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Joe Morris works to enforce safety rules as uniform inspector

By Bill Bradley, contributing editor

One of the biggest safety changes this season is the requirement for all NFL players to wear leg and thigh pads.

Who will be in charge of making sure 53 players wear proper equipment on game days? That's the uniform inspector. At New York Giants home games, that job is held by former two-time Pro Bowl running back Joe Morris.

In a look at an NFL uniform inspector, NFL Network's "Around The League" pulled back the curtain on his life at games, following him during last month's Giants-Jets preseason game at MetLife Stadium.

"My job is to make sure guys are in correct uniform for the game," he said. "That means their jerseys, their socks, their towels -- everything has to be uniform."

That includes the leg and thigh pads. Morris checks all players during pregame warmups and again during games. As part of the new rule, he is instructed to tell the referees if a player tries to enter play without proper leg padding.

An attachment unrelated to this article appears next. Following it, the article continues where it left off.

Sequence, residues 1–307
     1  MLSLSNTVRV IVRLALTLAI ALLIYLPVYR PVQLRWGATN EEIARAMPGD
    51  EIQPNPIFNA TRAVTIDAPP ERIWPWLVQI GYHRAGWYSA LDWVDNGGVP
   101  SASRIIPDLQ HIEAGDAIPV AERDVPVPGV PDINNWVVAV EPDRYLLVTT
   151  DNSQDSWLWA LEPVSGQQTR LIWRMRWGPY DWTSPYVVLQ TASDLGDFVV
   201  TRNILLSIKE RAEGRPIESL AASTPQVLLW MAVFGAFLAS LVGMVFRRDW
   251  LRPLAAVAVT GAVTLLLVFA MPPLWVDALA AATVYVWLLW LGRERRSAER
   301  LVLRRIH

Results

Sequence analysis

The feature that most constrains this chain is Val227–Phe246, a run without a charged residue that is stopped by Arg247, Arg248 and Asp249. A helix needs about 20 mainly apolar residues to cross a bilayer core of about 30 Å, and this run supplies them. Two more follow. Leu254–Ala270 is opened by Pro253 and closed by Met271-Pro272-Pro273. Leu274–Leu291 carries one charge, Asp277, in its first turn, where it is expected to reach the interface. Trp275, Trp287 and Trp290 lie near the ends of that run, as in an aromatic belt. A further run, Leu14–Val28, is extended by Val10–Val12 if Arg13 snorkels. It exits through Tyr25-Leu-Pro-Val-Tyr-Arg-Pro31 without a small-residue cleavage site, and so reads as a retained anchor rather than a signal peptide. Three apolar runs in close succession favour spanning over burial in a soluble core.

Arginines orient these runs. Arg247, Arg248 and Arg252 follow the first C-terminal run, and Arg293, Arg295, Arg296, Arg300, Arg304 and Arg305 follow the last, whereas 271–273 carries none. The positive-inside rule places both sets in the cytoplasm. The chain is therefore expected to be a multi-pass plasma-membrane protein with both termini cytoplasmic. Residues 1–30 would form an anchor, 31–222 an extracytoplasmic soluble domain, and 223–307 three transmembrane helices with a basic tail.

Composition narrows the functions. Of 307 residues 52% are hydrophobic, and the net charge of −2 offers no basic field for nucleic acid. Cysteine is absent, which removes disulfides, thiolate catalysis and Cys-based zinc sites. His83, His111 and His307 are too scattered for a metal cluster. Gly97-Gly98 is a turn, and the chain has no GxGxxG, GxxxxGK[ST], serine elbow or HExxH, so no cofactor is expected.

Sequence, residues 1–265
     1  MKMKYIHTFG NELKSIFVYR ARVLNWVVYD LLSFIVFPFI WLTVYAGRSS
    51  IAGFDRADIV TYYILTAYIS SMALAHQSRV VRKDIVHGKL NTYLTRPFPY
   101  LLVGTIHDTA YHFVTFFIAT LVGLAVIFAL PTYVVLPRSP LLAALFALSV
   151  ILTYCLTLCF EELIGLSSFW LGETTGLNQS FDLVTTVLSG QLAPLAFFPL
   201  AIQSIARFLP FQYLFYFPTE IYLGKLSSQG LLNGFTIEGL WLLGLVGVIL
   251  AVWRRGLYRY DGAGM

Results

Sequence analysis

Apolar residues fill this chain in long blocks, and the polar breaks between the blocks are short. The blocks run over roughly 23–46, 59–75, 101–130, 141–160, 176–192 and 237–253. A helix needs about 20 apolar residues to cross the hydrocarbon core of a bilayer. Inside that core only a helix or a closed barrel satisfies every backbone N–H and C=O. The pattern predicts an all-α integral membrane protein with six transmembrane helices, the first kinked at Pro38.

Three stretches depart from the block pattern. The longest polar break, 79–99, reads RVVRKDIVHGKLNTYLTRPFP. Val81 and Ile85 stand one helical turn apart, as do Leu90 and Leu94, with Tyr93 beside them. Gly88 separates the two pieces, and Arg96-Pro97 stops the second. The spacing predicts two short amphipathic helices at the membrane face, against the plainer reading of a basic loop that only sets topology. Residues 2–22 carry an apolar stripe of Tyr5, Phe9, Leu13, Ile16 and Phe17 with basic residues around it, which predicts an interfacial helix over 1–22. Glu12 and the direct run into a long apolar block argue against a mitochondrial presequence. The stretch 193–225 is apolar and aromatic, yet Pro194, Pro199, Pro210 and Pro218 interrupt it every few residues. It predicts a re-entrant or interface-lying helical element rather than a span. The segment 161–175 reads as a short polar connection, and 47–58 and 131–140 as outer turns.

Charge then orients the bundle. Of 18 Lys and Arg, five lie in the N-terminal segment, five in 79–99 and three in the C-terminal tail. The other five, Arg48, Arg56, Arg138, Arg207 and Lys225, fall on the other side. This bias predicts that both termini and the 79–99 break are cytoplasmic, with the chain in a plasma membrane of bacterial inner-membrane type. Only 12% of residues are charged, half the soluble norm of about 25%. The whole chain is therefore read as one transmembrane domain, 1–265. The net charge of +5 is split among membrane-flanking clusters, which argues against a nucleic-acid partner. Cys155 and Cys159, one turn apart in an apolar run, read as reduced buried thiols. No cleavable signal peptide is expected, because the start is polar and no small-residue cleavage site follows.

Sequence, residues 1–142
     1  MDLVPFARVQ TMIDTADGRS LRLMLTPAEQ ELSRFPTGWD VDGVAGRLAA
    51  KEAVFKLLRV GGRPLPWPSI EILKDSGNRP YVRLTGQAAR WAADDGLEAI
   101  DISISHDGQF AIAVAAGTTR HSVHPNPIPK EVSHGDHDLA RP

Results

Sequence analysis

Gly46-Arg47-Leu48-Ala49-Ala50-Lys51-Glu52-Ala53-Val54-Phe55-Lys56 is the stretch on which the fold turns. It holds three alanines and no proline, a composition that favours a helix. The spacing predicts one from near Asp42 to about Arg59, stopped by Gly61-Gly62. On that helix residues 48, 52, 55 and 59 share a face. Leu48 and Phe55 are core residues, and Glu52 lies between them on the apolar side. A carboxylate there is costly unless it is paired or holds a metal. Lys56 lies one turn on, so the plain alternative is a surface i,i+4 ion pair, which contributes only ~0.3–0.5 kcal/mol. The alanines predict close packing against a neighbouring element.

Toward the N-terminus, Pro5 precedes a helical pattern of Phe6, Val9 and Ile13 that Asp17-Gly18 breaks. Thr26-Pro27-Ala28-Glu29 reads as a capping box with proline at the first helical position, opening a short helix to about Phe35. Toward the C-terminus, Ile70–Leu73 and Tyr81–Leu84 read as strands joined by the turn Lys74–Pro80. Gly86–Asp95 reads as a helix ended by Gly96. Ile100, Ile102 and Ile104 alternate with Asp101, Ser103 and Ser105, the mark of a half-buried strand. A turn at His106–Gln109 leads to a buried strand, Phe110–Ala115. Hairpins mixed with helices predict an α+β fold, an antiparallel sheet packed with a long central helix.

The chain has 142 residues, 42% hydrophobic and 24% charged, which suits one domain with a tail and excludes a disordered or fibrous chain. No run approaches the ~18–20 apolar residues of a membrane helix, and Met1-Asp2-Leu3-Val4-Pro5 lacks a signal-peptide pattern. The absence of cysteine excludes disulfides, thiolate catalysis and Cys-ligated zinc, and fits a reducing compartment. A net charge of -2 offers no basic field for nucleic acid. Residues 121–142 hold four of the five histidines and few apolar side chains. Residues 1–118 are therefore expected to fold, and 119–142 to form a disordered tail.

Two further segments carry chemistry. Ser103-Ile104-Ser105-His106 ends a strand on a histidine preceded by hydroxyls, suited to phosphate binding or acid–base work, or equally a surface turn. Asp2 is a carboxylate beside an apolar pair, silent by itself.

The punishment? It will be suspension from a game until the player complies. If they try to re-enter the game without those pads, that's a 5-yard penalty.

"A lot of guys don't like it," Morris said. "This is a good rule. It's sensible. It's trying to protect the players and it's something that's going to add to their career, make it a little bit easier to play."

Morris admitted he didn't always wear the proper padding.

"I tried to get away with anything I could," he said. "I took the gussets out of my jersey. I did things to try and give myself a competitive advantage when I was playing."

Like Morris years ago, some current players are fudging the new rule. San Francisco 49ers running back Frank Gore, for example, played the second preseason game last month with pads well above his knees, a violation of the new rule.

"What I'm trying to do is from the eye, my naked eye, I have to be able to discern that there's a thigh and a knee there and I have to be able to see it clearly," Morris said.

For some players, that could be the difference between getting in the game and sitting on the sideline.

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